Tell the users what you are doing

flat-3252983_1280Photo storage company Ever got in trouble because it turns out, along with their cloud photo library business, they also use the photos people are uploading to train facial recognition AI that they sell for military applications.

(Side note – I’m amazed companies like this still exist, when Google and Apple are so good at this and come pre-installed on your phone. I’m really curious why people buy these other services.)

Short summary: the company says “it says we do this in our user agreement,” people are pissed.

When this was revealed, I’m sure that the image that came into people’s minds was pictures of their babies and grandmothers being pored over by soldiers and military contractors using death machines. This is probably not the case. I suspect that Ever is using the photos to train algorithms (people are giving them lots of photos of the same people in all kinds of different situations) and then selling the results (without baby pictures) for use in military facial application algorithms. Which doesn’t make everything okay, but does point to something important: people are a lot more cool about what you do with their data if you tell them about it. Leave them to imagine the worst case, and that’s what they’ll do.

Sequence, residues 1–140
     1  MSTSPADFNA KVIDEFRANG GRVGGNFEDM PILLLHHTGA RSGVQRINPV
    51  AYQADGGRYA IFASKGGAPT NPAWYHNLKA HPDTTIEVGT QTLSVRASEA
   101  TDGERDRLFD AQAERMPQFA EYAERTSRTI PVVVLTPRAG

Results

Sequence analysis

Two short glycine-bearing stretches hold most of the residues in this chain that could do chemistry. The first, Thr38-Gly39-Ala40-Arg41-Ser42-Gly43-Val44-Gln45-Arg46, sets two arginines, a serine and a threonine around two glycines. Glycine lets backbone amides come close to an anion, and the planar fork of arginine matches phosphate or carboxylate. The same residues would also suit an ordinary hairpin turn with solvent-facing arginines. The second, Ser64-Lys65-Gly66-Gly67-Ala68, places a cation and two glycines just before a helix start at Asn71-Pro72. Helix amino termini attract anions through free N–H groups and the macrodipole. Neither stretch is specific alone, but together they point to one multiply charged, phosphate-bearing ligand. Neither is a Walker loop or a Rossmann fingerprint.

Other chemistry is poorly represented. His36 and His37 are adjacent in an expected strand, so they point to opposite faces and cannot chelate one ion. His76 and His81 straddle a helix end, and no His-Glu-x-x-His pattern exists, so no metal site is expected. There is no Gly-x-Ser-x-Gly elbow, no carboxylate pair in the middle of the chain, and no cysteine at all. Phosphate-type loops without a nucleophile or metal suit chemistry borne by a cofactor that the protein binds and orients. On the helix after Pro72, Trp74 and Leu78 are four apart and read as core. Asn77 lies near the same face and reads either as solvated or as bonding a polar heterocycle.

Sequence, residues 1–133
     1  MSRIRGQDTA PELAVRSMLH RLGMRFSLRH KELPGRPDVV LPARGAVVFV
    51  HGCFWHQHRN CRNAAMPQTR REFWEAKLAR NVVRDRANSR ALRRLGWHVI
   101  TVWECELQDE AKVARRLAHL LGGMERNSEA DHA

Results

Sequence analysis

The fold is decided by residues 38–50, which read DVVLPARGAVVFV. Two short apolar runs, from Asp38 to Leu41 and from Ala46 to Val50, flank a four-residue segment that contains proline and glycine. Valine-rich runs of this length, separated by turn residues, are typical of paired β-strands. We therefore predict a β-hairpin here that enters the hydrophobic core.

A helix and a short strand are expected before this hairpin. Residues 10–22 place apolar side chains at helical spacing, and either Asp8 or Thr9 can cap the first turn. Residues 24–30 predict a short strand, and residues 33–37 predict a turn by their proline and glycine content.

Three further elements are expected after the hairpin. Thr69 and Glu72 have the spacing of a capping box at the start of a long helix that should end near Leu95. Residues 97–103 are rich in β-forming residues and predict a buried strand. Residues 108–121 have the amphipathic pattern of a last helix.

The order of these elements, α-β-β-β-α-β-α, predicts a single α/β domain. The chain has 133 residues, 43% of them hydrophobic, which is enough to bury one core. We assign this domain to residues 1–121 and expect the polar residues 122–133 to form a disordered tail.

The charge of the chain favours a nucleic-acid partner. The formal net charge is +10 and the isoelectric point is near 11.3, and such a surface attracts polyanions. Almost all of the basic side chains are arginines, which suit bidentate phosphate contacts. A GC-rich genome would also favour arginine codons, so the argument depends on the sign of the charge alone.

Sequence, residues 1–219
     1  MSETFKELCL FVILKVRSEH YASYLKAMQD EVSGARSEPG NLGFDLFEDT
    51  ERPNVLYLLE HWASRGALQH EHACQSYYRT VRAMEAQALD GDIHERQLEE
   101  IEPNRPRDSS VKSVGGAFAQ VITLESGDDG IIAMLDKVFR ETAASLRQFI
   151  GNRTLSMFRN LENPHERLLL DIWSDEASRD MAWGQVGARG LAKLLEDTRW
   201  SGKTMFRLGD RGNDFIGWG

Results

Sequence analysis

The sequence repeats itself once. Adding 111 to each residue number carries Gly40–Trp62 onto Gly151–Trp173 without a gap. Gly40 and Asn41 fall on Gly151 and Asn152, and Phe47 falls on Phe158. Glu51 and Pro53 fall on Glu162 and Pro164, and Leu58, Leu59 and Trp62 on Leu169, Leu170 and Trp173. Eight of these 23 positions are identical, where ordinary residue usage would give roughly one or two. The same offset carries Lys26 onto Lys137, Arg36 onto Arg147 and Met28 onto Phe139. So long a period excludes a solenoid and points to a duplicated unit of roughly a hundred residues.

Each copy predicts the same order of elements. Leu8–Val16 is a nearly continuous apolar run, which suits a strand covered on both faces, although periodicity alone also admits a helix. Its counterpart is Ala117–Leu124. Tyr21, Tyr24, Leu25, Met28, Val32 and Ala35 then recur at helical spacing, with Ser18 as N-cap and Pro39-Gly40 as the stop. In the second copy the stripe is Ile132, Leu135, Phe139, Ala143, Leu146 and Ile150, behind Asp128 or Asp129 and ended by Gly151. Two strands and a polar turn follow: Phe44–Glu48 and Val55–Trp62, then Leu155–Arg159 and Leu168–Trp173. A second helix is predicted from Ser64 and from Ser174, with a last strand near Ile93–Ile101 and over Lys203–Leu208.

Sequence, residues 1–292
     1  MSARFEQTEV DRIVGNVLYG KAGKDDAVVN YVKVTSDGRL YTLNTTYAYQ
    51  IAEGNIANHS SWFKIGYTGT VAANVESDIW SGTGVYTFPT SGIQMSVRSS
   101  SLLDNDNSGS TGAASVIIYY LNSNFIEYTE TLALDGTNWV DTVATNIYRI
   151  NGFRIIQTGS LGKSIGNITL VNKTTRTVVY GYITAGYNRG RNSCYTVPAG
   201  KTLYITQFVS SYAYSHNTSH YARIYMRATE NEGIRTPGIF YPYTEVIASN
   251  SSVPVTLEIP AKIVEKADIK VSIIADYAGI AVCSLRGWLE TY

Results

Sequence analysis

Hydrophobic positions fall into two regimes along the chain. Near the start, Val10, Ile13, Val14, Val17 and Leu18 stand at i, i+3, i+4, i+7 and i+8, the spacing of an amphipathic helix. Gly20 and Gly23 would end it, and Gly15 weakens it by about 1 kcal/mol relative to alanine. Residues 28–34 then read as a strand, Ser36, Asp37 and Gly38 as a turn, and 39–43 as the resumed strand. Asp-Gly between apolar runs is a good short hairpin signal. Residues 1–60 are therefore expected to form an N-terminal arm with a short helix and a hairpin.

The “it was in the user agreement” is a stupid excuse. The user agreement was 2,500 words long, which is not bad by user agreement standards, but not exactly short; and of course it’s written in dense legalese. The reality is that tech companies have trained users to fly right past user agreements because there is actually no way anybody can read them all, and so the whole thing is a rigged game.

But here’s what Ever could have done: just told people in plain English what they do. “What do we do with your data? We use your photos to build artificial intelligence algorithms that recognize faces. This lets us give you facial recognition features. We also sell the resulting AI to other companies, but that doesn’t include the photos we use to train it.”

I think most people would actually think, “Oh, OK” and continue on from that.

But instead Ever buried it in an agreement, apparently hoping nobody would notice, and when they did, was left with a PR mess.

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